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Something for the writers!
The good writers touch life often. The mediocre ones run a quick hand over her. The bad ones rape her and leave her for the flies.
― Ray Bradbury, Fahrenheit 451

One of the most fascinating aspects of proficient literature is the use of figurative language. An image is created in the reader's mind, something beyond the obvious, something beyond its literal meaning. Ray Douglas Bradbury, master of the craft of metaphor, is an American science-fiction writer, best known for his classic tale Fahrenheit 451, who uses slews of figurative statements in his books.

His work ensures literary devices such as similes, metaphors, personification, allusion, etc. Today, we would focus on metaphors in Fahrenheit 451.

Examples of Metaphor in Fahrenheit 451

Part One | The Hearth and the Salamander
Her face was slender and milk-white, and in it was a kind of gentle hunger that touched over everything with tireless curiosity.

This is a simple form of metaphor where the character's face has been compared to whiteness of milk by the author.

With the brass nozzle in his fists, with this great python spitting its venomous kerosene upon the world, the blood pounded in his head, and his hands were the hands of some amazing conductor playing all the symphonies of blazing and burning to bring down the tatters and charcoal ruins of history.

In these lines, the hose is indirectly being colligated to (the venom of) a python snake. But there's more to it than what meets the eye. Python being the world's longest snake has its technique of killing its prey by silently squeezing it, and not by spitting venom out. So the "python" metaphor is interestingly ambiguous. May be the author wants to convey the power of a snake, i.e., hose.

Her face, turned to him now, was fragile milk crystal with a soft and constant light in it.

This example of metaphor compares Clarisse's face to a pale white crystal. Before even Clarrise is being introduced, her personality is evidently very reflective, just like a crystal. Also, she emits light of her own, meaning she has her unique set of rules to lead life, like the crystal would reflect light. So, this statement accentuates both her appearance and her personality.

Part Two | The Sieve and the Sand

Maybe the books can get us half out of the cave. They just might stop us from making the same damn insane mistakes!

This metaphor exemplifies the differences between Montag and Mildred. He craves for realism, while on the contrary, she is content and happy with fictional matter. Montag expresses his exhaustion of ignorant people and all materialistic things, and thinks that may be books can be 'something' that would help him improve his mistake, something that has substance.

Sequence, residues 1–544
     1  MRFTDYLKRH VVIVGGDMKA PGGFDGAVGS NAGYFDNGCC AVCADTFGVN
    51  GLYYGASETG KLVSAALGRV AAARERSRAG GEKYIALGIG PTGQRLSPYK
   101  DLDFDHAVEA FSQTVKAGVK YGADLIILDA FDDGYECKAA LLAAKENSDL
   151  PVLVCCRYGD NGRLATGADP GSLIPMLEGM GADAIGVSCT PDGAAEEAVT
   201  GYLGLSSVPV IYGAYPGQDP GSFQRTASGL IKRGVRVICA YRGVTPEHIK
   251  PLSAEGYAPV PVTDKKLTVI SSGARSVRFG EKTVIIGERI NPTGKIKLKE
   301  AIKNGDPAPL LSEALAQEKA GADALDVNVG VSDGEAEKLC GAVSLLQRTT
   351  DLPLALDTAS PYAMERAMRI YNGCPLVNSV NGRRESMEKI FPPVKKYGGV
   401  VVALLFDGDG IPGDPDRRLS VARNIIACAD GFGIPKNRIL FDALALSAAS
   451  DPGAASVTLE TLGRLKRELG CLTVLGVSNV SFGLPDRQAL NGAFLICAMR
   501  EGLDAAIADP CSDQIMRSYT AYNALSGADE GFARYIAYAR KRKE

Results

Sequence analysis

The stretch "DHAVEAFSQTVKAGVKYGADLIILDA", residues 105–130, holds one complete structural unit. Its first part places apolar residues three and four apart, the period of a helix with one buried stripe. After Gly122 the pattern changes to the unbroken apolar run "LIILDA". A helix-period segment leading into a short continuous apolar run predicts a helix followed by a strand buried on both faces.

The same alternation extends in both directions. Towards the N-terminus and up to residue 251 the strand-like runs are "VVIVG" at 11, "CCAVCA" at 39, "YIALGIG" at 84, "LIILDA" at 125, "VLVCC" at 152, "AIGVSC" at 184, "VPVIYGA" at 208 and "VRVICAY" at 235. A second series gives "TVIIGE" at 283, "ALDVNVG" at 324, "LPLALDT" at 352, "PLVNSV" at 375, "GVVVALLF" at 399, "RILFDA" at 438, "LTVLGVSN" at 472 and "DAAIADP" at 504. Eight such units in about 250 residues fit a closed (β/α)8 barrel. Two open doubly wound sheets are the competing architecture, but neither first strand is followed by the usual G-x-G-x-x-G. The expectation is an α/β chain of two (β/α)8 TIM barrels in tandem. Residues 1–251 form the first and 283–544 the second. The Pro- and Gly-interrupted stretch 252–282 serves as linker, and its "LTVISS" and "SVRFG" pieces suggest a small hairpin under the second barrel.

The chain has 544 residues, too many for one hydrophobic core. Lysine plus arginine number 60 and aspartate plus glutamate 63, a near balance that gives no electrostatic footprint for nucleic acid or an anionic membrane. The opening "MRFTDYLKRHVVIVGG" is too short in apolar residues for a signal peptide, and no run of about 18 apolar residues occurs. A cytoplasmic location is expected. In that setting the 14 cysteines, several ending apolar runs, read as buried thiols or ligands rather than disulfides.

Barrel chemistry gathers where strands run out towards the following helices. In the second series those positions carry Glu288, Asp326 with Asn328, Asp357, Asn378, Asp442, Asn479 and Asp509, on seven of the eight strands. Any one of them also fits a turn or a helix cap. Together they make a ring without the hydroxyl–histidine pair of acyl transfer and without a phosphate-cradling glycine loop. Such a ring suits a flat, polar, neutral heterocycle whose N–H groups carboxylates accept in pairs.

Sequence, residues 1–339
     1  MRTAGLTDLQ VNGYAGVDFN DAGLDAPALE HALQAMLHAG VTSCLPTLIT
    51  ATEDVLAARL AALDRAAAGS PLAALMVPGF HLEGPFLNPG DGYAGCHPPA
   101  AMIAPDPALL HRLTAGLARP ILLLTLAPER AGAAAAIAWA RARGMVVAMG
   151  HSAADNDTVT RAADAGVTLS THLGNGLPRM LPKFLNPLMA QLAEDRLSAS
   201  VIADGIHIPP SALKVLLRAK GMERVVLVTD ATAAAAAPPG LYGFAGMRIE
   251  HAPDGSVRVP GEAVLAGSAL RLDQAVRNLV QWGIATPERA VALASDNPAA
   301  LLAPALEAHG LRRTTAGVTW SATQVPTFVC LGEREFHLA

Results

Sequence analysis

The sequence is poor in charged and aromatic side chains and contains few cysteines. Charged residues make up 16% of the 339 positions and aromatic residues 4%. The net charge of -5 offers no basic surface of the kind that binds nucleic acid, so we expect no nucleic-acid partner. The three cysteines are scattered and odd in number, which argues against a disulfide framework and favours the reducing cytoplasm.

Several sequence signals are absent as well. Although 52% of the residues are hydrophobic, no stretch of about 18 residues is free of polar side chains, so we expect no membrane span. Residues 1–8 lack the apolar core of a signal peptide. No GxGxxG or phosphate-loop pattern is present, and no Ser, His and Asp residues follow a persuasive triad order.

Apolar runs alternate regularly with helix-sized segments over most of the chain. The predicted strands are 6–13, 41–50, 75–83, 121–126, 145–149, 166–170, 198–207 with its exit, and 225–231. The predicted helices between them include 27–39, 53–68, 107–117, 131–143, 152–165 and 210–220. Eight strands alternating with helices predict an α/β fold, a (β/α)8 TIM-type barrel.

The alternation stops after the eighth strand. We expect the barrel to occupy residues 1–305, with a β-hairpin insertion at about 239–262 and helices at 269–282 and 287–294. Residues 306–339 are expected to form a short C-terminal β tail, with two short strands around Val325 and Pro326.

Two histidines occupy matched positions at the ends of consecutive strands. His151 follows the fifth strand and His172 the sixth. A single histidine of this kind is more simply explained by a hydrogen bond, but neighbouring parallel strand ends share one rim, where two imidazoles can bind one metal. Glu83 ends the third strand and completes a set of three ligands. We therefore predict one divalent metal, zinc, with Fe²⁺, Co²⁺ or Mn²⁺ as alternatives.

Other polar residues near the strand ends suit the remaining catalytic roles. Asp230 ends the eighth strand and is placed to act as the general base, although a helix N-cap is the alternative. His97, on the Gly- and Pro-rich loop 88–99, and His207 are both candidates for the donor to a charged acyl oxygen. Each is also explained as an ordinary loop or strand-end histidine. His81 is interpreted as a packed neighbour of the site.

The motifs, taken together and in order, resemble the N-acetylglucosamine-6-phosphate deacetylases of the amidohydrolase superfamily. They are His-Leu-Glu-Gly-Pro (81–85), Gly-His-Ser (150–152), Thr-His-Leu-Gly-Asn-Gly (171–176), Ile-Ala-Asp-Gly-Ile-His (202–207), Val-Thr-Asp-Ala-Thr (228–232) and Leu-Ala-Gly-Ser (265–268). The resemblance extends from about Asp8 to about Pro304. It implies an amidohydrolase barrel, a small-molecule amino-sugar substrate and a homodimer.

Light the first page, light the second page. Each becomes a black butterfly. Beautiful, eh? Light the third page from the second and so on, chain-smoking, chapter by chapter, all the silly things the words mean, all the false promises, all the second-hand notions and time-worn philosophies.

Here, Bradbury is equating the burnt, black pages of the book to a swarm of black butterflies. Butterflies (moths) are free to flutter around, but here, they have been killed, which ends their freedom just like burning of books (paper) would end freedom of thought.

So now do you see why books are hated and feared? They show the pores in the face of life.

Books reveal the ugly side of society and unveil untold realities of life. People like fiction―nonporous faces, flawless skin, which is far away from reality, which is compared to books for the same reason.

Do your own bit of saving, and if you drown, at least die knowing you were headed for shore.

Faber is enunciating the Guy to do his bit because everything makes a difference. Don't let results let you down; success or failure is not in our hands. What matters is the saving that we do, and not the outcome. Here, the good deeds are being compared to the shore.

Our civilization is flinging itself to pieces. Stand back from the centrifuge.

Human civilization is being compared to a centrifuge 'cause it seems to destroy itself. He's asking to stay away from this mass of destruction, as he realizes the need to rebuild a new society.

Those who don't build must burn. It's as old as history and juvenile delinquents.

Here, he's comparing people who don't contribute anything to bettering our society to history and juvenile delinquents. He's asking them to burn if they cannot build, since usually the harshest critics are the ones who do nothing about it.

Part Three | Burning Bright

There was a silly damn bird called a Phoenix back before Christ: every few hundred years he built a pyre and burned himself up. He must have been first cousin to Man. But every time he burnt himself up he sprang out of the ashes, he got himself born all over again. And it looks like we're doing the same thing, over and over, but we've got one damn thing the Phoenix never had. We know the damn silly thing we just did.

Through these lines, Granger is comparing Phoenix to humans. Like, the Phoenix inadvertently burns and is reborn because that is its nature, humans too follow this cycle of death and rebirth―the only difference is that they do it knowingly by getting involved in things like war, burning books of knowledge, destroying history, etc.